Anna. I will never forget the exact moment I was sure beyond a doubt that she was different. She was supposed to be learning to crawl, and instead she started doing what we fondly refer to as “The Booty Skootch”. She would sit on her bottom, tuck one leg up against her body, extend the other leg out in front of her, plant her foot and pull herself all over the house. Not one of her many pairs of pants were worthy of Goodwill at the end of each season that whole year! Our doctors and occupational therapists have never figured out for sure why Anna did the booty skootch.
Maybe it is because she has Sensory Processing Disorder and could not handle her body’s response to knees on our hardwood, tile, or heavy pile carpet. Maybe it was because she had low muscle tone in every part of her body and didn’t have the core strength to crawl. Maybe it was just because she is the most strong-willed person I know (even back when she was 18 months!) and she didn’t want to crawl because she knew we all wanted her to crawl so badly!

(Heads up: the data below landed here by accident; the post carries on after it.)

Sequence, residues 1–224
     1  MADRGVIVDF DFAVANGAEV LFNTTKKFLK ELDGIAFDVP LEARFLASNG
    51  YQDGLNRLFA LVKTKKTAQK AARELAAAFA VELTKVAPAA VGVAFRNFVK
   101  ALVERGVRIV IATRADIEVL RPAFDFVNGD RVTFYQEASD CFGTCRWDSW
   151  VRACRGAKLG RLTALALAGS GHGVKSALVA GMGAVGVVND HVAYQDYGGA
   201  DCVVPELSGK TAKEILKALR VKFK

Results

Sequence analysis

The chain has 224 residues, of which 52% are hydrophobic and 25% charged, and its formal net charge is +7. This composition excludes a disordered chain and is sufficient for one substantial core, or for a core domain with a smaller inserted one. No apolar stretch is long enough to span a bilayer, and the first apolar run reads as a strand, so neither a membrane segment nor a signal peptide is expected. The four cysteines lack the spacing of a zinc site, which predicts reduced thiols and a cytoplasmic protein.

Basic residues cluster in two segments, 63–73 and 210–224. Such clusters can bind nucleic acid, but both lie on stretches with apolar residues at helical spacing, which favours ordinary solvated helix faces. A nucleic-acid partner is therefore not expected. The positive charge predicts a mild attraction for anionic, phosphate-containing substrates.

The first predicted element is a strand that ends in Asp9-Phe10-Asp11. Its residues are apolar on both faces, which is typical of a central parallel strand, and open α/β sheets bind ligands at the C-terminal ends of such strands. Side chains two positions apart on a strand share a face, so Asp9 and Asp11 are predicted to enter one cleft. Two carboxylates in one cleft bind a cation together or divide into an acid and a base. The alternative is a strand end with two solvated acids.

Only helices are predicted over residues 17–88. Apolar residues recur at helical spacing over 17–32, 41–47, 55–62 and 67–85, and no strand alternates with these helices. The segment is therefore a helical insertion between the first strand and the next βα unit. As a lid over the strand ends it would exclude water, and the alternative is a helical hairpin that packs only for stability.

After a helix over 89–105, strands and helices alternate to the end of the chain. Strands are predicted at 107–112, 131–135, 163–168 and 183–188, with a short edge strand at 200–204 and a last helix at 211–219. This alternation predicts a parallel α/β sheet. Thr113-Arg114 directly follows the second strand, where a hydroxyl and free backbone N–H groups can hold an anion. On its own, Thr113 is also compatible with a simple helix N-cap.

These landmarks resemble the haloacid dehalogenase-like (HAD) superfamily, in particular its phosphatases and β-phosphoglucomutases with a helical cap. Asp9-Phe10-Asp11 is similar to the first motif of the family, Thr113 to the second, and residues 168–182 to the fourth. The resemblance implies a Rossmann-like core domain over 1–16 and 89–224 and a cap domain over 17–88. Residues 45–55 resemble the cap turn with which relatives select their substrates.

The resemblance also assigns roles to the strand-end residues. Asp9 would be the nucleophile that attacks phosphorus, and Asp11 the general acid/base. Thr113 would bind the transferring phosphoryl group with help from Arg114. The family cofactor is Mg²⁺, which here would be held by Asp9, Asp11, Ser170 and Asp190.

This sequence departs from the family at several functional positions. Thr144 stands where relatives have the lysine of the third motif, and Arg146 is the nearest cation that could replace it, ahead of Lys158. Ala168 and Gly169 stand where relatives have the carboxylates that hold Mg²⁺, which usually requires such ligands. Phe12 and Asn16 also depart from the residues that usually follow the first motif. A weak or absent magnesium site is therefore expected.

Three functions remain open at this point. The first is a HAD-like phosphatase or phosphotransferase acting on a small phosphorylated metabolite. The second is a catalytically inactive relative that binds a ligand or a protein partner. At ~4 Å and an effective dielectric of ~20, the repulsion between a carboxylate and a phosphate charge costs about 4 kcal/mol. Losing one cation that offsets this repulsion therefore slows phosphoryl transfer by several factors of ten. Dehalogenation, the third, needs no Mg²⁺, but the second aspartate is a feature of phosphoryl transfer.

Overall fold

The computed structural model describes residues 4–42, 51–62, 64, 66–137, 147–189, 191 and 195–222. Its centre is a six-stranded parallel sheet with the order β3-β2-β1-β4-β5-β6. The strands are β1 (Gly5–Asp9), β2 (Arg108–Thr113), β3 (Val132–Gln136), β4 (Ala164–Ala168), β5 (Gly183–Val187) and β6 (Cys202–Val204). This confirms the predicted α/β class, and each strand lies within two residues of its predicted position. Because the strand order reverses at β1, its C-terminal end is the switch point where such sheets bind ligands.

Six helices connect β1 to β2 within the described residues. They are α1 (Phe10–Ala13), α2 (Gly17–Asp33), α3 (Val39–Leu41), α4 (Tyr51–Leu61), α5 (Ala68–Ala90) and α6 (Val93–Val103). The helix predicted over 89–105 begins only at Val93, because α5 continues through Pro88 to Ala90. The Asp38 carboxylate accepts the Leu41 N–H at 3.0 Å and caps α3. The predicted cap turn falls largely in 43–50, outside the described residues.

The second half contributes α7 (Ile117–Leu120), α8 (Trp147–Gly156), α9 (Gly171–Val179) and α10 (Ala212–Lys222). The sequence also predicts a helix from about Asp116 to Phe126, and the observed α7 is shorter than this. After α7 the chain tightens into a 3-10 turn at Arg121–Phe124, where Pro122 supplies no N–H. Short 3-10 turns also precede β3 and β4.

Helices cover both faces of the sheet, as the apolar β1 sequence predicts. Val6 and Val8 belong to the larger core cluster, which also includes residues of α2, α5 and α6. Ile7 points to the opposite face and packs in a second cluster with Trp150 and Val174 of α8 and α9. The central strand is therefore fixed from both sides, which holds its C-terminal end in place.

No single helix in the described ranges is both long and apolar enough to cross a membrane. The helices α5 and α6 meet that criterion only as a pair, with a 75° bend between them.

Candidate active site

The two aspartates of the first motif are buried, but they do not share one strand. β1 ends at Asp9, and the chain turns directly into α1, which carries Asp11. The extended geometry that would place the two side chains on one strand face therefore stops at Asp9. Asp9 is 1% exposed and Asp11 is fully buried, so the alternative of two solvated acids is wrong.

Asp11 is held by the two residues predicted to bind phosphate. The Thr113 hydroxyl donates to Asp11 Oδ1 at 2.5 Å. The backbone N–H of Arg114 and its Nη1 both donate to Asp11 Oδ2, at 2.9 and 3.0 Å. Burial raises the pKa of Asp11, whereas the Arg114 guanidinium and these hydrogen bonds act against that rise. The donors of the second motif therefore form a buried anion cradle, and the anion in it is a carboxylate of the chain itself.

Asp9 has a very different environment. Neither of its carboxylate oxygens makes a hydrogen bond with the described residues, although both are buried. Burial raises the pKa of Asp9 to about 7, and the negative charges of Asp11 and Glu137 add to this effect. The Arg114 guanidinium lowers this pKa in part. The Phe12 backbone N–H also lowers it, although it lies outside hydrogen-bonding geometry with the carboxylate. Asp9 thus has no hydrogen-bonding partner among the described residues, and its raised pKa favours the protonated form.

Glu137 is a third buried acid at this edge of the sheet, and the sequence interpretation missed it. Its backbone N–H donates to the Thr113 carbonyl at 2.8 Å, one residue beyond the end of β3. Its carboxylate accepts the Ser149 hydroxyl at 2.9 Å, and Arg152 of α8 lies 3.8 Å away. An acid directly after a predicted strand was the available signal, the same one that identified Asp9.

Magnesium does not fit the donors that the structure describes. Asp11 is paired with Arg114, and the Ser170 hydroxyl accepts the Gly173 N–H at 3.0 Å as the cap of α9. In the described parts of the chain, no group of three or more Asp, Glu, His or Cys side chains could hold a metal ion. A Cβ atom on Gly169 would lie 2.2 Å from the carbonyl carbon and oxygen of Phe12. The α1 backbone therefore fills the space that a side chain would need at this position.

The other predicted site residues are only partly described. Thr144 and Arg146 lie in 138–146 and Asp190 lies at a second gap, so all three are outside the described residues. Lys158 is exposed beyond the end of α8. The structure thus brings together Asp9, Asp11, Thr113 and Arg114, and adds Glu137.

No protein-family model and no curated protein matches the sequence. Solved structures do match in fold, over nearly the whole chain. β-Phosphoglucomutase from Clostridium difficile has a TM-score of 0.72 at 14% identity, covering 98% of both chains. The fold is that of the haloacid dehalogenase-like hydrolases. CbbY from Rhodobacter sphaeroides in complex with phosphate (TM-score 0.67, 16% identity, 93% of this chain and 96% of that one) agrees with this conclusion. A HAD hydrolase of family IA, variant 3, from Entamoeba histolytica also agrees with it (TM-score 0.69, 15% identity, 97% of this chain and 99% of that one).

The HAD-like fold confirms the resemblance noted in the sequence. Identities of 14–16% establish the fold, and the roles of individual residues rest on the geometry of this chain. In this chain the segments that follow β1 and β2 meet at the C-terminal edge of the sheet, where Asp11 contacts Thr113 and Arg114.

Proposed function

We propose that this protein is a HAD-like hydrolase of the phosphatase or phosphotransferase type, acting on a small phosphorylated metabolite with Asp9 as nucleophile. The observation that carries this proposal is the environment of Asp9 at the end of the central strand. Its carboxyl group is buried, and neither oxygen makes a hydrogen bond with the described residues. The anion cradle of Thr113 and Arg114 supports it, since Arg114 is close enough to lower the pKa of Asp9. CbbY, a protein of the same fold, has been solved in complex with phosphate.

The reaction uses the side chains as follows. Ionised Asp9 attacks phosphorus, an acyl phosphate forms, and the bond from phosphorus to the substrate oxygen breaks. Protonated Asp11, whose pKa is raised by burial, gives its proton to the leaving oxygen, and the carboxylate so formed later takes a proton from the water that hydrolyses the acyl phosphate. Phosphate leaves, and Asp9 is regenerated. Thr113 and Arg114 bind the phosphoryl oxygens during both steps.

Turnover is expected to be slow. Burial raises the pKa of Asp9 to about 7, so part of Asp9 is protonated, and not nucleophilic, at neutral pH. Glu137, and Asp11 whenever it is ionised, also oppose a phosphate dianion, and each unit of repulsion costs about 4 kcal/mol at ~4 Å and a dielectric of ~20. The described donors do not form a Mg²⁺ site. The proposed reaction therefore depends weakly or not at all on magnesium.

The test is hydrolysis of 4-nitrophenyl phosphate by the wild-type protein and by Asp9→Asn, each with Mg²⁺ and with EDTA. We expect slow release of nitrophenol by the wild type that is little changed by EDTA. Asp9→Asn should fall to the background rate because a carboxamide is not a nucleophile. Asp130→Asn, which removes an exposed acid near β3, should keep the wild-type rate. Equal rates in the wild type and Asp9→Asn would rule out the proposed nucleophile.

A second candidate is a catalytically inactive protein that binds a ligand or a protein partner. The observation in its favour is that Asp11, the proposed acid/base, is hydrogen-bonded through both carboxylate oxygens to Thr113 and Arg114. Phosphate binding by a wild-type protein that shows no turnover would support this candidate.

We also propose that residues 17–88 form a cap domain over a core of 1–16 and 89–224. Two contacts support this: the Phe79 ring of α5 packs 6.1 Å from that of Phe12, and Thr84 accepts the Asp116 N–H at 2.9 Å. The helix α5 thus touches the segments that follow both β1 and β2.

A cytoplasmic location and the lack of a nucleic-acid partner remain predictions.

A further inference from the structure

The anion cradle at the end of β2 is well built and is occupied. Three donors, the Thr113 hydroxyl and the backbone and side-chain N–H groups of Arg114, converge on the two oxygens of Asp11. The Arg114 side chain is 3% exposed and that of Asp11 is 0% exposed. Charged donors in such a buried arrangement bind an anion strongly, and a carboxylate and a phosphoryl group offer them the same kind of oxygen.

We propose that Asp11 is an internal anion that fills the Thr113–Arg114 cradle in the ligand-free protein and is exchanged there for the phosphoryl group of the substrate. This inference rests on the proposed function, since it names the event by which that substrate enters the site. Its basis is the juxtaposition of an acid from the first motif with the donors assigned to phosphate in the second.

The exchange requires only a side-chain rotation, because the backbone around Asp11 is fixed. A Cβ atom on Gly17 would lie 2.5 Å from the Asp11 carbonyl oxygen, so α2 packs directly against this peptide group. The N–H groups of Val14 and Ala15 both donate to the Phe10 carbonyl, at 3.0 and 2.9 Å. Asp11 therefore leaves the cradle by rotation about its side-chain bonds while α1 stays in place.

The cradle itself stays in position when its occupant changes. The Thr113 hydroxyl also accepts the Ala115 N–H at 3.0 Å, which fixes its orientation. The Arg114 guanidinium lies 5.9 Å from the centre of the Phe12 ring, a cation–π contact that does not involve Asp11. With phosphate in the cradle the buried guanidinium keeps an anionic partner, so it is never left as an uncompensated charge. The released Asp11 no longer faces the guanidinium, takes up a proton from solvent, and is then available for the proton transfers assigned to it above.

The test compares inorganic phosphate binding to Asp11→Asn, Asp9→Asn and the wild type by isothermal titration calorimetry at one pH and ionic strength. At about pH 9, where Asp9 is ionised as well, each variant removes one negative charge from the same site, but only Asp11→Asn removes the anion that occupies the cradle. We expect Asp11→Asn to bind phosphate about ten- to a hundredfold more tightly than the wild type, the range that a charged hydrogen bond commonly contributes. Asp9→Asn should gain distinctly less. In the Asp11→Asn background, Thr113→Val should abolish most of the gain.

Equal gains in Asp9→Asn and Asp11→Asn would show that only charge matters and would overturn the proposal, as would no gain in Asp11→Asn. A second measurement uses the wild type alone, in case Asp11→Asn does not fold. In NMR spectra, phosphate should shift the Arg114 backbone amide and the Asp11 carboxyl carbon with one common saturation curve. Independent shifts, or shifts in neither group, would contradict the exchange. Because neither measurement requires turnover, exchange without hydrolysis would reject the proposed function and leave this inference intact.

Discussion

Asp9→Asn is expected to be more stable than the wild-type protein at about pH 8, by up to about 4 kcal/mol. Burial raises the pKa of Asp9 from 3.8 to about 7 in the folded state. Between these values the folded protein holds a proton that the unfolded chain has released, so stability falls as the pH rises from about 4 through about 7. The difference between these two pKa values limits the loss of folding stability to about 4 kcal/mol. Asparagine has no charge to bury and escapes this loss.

It doesn’t really matter why. It doesn’t even really matter in the end how different she is from everybody else. In the end, she is a precious and precocious child of God and an amazing gift to our family. That’s all that matters.
The problem is not usually in how I perceive my precious Anna. The problem usually comes when others can’t get past her differences or don’t even realize that she is “different”. People who see her start randomly screeching at the grocery store automatically think that she needs a better parent — nobody sees Sensory Processing Disorder.
You have to know about it to understand it. If you don’t realize that something as simple as the tongue of her tennis shoe can push her mentally beyond reason, you have no basis to judge her behavior. But most people don’t think like that do they?
Maybe I don’t even think like that.
Last year, my daughter Anna participated in our children’s choir at church. For her, it was a case of love at first practice. She couldn’t read yet, but she worked daily to prepare for auditions. She couldn’t sing on key yet (don’t tell her that!) but she practiced all the time to get the songs just right. I didn’t attend the practices, but the teachers assured me several times that she was “doing just fine.” And then we went to the performance.